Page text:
Westfield Middle School student receives new wheelchair after battle with a malignant brain tumor

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By Noah Alatza

Westfield Middle School eighth-grader Maddison Polley was the kid who always ran everywhere, until the unthinkable happened when she was 12 years old.

Maddison Polley recently received a new wheelchair, which was partially funded by the Westfield Lions Club. (Submitted photo)

Polley was diagnosed with a medulloblastoma– a cancerous brain tumor which is often aggressive and infiltrates surrounding brain tissue. She had the tangerine-sized tumor removed from the back of her brain in May 2017 and went through several rounds of chemotherapy and radiation.

The intense treatment and extensive surgery robbed her of her ability to walk normally.

Polley’s mother, Melinda McIntyre, said Polley was ready to try out for the school’s track team when she was diagnosed. She said Polley has always been a “very strong and active girl.”

Polley received a new wheelchair Feb. 20. McIntyre said one day they are hopeful her daughter can one day use a walker. The wheelchair was partially funded by the Westfield Lions Club.

“The wheelchair gives her a lot more of independence,” McIntyre said. “I stayed by her bedside for two years, and we are currently living with my parents, so being able to go out into the community and move independently is something you can’t replace.”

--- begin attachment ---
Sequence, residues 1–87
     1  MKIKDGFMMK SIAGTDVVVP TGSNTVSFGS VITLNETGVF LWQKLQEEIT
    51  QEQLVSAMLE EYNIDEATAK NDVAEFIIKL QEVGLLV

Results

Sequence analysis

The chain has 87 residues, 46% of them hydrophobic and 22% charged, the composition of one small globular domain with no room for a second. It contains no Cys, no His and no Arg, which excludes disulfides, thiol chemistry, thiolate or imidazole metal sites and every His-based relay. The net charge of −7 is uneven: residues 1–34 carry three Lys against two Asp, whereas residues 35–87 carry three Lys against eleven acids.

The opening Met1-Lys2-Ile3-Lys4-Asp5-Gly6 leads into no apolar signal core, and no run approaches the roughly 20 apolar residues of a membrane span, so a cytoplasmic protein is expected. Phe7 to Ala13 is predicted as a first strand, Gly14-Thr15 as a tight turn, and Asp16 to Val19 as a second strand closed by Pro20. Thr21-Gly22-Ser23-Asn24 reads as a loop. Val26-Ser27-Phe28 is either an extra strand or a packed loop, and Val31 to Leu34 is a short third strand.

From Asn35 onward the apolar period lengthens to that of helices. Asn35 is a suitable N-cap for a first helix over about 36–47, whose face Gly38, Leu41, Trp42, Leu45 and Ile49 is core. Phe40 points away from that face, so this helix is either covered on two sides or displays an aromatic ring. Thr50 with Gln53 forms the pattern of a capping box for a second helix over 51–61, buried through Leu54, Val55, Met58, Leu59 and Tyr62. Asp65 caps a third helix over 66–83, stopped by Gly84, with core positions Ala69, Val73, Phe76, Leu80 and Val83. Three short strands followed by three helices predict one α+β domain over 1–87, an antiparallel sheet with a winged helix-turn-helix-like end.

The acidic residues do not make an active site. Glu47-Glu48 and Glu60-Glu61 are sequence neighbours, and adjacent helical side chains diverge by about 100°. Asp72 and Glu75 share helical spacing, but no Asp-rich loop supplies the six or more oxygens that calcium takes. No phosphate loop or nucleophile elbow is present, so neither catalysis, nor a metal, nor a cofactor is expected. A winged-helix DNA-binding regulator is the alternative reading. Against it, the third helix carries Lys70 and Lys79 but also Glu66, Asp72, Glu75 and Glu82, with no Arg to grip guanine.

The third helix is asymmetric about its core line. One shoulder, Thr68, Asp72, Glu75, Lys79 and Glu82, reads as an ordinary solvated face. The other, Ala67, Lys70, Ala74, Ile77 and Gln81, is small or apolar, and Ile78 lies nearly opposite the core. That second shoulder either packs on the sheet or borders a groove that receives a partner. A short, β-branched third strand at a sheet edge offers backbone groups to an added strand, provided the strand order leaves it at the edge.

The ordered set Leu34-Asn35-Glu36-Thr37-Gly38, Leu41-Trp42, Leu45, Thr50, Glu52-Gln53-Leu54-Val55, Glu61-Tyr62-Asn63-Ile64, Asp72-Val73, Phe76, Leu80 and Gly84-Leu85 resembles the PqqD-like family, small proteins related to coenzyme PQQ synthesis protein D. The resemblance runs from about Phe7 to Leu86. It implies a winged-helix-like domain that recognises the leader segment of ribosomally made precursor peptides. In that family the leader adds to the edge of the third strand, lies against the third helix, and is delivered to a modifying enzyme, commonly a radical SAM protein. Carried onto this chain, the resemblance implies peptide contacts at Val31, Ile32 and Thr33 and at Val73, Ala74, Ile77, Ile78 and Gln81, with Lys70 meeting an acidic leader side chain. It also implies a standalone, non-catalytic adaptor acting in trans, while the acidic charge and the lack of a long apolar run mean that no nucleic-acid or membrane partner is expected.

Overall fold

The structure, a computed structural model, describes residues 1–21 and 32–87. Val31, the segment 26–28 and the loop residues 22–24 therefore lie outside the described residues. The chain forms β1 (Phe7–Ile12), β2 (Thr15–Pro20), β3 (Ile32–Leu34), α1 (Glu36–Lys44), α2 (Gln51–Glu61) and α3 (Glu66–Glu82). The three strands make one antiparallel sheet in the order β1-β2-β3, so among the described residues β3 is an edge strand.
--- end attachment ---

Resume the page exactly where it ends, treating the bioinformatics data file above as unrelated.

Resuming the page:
As a result of surgery, Polley suffers from posterior fossa syndrome as a result of the surgery, which caused her to lose complete function of her right side. She has since gained her right-side function back but still has a diffiult time moving around, which requires her to use the wheelchair. Posterior fossa syndrome also causes speech disturbances and decreased motor movement.

Polley will be honored at the March 20 Westfield Youth Assistance Program Breakfast.

Westfield Middle School Special Education Teacher Laura Arrington nominated Polley for her perseverance in education and determination to return to school and get caught up with peers following her treatment.

“I really appreciate some acknowledgement being brought to her,” McIntyre said. “She was out of school for two years, so all of her friends moved on to the high school without her. Now, she’s with underclassmen, and that’s hard for her because she is shy.”

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